Coagulopathy After Cardiac Surgery
Hospital Universitario de Canarias, San Cristóbal de La Laguna, Canary Islands, SpainAnesthesia and analgesia (Impact Factor: 3.47). 12/2007; 105(5):1514; author reply 1514-5. DOI: 10.1213/01.ane.0000282775.38626.13
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Article: Coagulopathy After Cardiac Surgery
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ABSTRACT: Extreme position changes, electrolyte changes, presence of comorbidities such as obstructive sleep apnea, long and complex surgeries, bleeding risks, and an elderly population combine together to increase the risk of perioperative complications during urologic procedures. Not uncommonly these complications may be rightly or wrongly interpreted as malpractice, and the case becomes entrenched in the medicolegal system. Understanding this system and developing strategies to avoid poor or even catastrophic outcomes are essential to the entire urologic team. © Springer Science+Business Media New York 2014. All rights are reserved.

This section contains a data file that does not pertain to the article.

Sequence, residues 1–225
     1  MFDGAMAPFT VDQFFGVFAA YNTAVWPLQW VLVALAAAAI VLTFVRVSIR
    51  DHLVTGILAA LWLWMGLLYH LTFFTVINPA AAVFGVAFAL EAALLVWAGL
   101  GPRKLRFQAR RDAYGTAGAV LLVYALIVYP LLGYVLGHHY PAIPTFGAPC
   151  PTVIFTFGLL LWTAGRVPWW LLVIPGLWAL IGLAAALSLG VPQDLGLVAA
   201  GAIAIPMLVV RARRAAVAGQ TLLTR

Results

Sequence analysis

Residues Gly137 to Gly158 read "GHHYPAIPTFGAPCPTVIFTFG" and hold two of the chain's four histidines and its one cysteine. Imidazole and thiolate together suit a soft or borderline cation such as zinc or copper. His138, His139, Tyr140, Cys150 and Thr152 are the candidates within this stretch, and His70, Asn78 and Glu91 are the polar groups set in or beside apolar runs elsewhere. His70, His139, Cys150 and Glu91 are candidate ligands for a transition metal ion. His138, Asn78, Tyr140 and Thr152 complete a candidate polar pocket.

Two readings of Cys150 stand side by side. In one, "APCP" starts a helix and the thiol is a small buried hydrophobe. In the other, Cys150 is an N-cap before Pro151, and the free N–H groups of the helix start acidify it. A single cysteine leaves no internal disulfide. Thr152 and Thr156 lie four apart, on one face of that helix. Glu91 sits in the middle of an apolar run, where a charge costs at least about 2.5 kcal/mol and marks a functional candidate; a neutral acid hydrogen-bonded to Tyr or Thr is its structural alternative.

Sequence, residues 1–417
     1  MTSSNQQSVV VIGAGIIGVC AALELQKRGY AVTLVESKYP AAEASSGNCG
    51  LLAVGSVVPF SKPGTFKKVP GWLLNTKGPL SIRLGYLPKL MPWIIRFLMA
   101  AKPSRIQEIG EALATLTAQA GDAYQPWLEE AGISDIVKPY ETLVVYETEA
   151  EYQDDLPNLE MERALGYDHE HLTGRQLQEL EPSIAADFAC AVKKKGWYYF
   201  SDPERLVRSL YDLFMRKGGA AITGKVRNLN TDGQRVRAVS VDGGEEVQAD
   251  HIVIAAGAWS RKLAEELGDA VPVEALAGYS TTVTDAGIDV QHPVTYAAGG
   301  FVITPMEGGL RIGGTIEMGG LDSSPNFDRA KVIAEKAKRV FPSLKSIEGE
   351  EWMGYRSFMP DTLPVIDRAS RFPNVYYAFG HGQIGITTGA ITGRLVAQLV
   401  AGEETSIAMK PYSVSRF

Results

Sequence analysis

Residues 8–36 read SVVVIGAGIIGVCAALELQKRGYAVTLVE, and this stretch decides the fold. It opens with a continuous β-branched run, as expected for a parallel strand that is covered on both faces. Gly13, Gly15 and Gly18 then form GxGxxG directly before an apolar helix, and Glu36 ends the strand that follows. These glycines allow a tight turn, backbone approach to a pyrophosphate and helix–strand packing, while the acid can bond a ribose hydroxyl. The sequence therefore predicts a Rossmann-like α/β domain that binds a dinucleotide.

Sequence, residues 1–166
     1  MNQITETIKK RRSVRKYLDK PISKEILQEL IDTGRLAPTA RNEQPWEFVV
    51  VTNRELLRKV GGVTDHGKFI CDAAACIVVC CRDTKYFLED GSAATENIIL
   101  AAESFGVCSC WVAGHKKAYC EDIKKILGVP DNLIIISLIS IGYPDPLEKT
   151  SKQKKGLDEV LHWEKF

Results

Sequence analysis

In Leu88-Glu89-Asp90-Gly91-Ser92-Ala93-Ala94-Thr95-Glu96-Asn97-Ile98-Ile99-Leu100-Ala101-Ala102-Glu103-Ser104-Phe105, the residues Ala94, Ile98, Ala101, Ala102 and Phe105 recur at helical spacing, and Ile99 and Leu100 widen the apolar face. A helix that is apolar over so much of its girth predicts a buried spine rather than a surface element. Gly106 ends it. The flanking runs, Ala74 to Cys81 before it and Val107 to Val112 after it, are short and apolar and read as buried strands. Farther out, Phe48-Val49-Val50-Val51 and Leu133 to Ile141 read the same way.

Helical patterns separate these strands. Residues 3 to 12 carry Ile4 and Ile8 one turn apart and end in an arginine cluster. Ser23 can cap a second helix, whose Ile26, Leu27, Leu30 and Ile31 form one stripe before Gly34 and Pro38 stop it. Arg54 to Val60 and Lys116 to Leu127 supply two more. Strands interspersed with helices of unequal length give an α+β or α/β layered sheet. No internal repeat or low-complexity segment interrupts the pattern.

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ABSTRACT: Background The prevalence and contemporary trends of pre–heart transplantation (HT) coagulopathy and associated clinical outcomes have not been studied from a national database.HypothesisPre-HT coagulopathy is associated with increased in-hospital mortality.Methods Among 2454 adult HT recipients from the 2003 to 2010 Nationwide Inpatient Sample databases, 707 (29%) had pre-HT coagulopathy (defined as a comorbidity variable, based on International Classification of Diseases, Ninthe Revision, Clinical Modification and Diagnosis Related Group codes). We used propensity scores for coagulopathy to assemble a matched cohort of 664 pairs of patients with and without coagulopathy balanced in 54 baseline characteristics.ResultsThe prevalence of pre-HT coagulopathy increased from 17% in 2003 to 44% in 2010 (P for trend <0.001). In-hospital mortality occurred in 8.6% and 4.7% of matched HT recipients with and without coagulopathy, respectively (hazard ratio: 1.81; 95% confidence interval [CI]: 1.17-2.80; P = 0.008). Coagulopathy was not significantly associated with post-HT graft complications (odds ratio [OR]: 1.20; 95% CI: 0.95-1.52; P = 0.131) but was associated with increased blood transfusions (OR: 1.92; 95% CI, 1.54–2.41; P < 0.001). Coagulopathy and no-coagulopathy groups had no difference in median length of stay (22 days in each group, P = 0.746), but median total hospital charges were higher among patients with coagulopathy compared to those without (US$425 643 vs US$389 656; P = 0.008).Conclusions In this national study of HT recipients, pretransplant coagulopathy was common, increased over time, and was not significantly associated with post-HT graft complications or increased hospital stay. However, it was associated with increased bleeding risk, in-hospital mortality, and total hospital charges. These findings may have implications for the selection of patients for HT.